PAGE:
These exercises progress in stages and can include:

  • Lying on large training balls to stretch and engage the back. ‌
  • Stretching the shoulders and arms with Thera-bands.‌
  • Weight training with both dumbbells and barbells. 

Typically, you would warm up and then do these and other types of UCS exercises in five sets of 10 repetitions or six sets of 15 repetitions. Your physical therapist will check your progress and help fix your form when necessary. You would cool down at the end of a session.

So UCS is serious but treatable. Like others who have gone through exercise programs for the condition, you may feel lasting improvement. Just be sure to follow the physical therapist’s guidance.‌

Tips for Avoiding Upper Cross Syndrome in the Future

Start by practicing good posture, being sure to avoid positions that create discomfort or numbness. In particular, don’t give slouching a chance to become a habit. 

Here are some other things to try for better posture:

  • ‌Watch your weight.
  • Wear shoes that offer support.
  • Instead of leaning your head down to look at a book or screen, raise the book or screen up to eye level. 
  • Set the height of your chair or desk so you can attain proper posture. 
  • If you sit for long periods of time, remember to take a break and stretch every so often. 
  • ‌If you stand for long periods of time, support one foot on a short, sturdy object.
  • ‌When in bed, support your neck and lower back with rolled towels or pillows of that size.
  • ‌Exercise the muscles around your neck, shoulders, and chest at least two or three times per week.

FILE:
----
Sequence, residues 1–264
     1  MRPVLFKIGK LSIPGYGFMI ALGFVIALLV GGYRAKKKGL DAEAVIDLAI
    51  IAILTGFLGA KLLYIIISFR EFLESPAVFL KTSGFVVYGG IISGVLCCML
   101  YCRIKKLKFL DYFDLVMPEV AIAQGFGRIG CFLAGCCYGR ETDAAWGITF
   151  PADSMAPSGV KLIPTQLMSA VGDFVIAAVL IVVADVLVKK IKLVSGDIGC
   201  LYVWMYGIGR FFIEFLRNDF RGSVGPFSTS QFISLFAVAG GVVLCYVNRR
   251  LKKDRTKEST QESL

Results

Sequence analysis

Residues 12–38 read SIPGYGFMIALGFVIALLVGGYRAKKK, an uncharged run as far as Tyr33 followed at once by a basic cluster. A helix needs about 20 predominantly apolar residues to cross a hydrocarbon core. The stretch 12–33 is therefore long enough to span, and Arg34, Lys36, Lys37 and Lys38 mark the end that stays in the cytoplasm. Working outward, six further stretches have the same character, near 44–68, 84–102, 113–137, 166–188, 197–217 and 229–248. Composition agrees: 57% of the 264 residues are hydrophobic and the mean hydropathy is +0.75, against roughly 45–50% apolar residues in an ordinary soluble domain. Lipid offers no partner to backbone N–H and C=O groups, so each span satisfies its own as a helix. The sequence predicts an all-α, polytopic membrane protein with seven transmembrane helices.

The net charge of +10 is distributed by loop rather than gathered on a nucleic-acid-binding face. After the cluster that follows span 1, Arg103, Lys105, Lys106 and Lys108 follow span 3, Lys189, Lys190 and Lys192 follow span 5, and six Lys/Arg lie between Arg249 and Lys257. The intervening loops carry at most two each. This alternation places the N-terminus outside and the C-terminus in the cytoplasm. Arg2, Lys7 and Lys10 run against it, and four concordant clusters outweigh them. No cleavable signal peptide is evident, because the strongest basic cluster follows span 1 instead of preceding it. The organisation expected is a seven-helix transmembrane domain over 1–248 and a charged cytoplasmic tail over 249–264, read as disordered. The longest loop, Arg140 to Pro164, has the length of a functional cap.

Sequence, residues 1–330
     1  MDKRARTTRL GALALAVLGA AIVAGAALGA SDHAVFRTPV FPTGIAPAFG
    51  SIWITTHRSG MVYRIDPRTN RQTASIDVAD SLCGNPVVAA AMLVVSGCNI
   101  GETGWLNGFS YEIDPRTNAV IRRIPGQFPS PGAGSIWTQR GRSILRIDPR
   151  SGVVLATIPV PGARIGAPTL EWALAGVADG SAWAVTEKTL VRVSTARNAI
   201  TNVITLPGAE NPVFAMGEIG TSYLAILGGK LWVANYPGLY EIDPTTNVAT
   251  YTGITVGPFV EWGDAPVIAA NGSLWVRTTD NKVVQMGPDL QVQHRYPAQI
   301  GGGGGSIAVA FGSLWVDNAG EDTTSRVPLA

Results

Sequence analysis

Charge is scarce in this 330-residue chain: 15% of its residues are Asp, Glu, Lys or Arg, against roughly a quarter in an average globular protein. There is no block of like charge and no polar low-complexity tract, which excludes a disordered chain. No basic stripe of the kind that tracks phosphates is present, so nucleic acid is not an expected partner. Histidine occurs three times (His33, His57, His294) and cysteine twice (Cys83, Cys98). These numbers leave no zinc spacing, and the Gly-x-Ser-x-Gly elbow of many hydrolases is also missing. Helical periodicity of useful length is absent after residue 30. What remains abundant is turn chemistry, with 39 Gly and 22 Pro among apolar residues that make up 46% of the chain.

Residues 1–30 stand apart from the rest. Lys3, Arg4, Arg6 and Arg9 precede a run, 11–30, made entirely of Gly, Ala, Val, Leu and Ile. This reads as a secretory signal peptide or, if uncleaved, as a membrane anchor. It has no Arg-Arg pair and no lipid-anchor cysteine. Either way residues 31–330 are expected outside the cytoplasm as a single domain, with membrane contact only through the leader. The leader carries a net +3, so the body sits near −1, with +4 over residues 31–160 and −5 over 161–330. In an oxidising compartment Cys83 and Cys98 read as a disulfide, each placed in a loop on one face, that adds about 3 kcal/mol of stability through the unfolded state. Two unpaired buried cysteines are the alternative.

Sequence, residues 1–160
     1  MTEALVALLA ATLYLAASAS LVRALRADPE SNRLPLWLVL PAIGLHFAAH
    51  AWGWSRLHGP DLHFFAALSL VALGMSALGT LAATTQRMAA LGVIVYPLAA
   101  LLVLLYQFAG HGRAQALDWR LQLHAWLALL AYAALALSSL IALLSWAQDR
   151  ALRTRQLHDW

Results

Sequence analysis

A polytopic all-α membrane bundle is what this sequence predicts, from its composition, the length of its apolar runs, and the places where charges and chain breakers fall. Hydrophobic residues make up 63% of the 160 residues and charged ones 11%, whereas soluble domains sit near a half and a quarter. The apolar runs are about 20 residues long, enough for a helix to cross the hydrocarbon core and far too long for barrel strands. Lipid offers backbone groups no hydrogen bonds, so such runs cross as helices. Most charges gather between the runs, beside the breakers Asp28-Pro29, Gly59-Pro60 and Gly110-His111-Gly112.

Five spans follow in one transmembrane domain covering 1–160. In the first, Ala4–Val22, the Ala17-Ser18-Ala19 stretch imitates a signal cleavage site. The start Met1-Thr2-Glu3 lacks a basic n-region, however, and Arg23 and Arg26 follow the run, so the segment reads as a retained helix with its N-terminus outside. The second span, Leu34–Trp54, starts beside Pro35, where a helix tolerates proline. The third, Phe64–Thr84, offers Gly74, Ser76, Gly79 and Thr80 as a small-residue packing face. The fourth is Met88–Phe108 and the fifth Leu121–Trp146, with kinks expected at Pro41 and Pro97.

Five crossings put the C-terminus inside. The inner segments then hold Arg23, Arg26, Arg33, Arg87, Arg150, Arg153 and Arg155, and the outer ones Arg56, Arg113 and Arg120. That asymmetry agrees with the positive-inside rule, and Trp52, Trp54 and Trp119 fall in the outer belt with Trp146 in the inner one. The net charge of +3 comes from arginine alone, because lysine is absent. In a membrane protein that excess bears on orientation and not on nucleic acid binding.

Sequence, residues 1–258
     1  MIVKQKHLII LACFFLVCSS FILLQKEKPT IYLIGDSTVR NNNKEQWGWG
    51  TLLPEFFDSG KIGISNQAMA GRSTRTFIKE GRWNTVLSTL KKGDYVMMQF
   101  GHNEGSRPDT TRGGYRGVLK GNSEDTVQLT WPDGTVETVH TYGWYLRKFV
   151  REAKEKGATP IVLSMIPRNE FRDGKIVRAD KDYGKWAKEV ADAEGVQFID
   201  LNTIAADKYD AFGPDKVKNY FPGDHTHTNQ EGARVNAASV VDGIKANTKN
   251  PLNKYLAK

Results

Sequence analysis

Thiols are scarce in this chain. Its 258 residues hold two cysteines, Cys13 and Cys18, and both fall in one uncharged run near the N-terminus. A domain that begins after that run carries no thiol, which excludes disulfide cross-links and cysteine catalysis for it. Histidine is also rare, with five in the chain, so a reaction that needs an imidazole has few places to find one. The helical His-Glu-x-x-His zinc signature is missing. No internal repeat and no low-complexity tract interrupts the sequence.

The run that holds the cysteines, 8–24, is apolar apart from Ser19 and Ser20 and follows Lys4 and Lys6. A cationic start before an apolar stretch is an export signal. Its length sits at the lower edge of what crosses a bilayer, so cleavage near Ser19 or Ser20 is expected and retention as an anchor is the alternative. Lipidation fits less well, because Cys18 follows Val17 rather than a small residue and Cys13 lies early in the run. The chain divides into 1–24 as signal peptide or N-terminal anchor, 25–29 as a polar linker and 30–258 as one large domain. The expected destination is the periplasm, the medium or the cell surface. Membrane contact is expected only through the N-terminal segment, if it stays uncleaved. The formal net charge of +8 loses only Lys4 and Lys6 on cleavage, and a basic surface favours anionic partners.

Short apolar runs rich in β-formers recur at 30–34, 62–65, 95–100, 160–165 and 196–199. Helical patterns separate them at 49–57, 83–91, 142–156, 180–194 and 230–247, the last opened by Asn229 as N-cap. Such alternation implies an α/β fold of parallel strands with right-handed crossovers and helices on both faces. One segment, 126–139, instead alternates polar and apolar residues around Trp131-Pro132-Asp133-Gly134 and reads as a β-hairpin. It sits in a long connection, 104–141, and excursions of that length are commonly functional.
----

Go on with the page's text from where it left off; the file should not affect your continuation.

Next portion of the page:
• ‌Try to exercise the muscles of your core, your back and abdomen, every day, even if just by taking a short walk.

Alongside the advice of your doctor or physical therapist, these tips will help lessen your risk of having to deal with UCS.

WebMD Medical Reference

Sources

Sources: 

Applied Ergonomics:  “Texting on Mobile Phones and Musculoskeletal Disorders in Young Adults: A Five-year Cohort Study.”

Harvard Health Publishing:  “Posture and back health.” 

Indian Journal of Occupational and Environmental Medicine: “Prevalence of Upper Cross Syndrome in Laundry Workers.”  

Journal of Manipulative and Physiological Therapeutics: “Upper Crossed Syndrome and Its Relationship to Cervicogenic Headache.”

Kai tiaki: “Avoiding the ‘iHunch.’” 

NASM: “Correcting Upper Crossed Syndrome.” 

Physical Therapy in Sport: “Effects of an 8-Week Selective Corrective Exercises Program on Electromyography Activity of Scapular and Neck Muscles in Persons With Upper Crossed Syndrome: Randomized Controlled Trial.”

Reneu Health:  “Crisscrossed.”  

Trials: “The Effectiveness of a Comprehensive Corrective Exercises Program and Subsequent Detraining On Alignment, Muscle Activation, and Movement Pattern in Men With Upper Crossed Syndrome: Protocol for a Parallel-Group Randomized Controlled Trial.”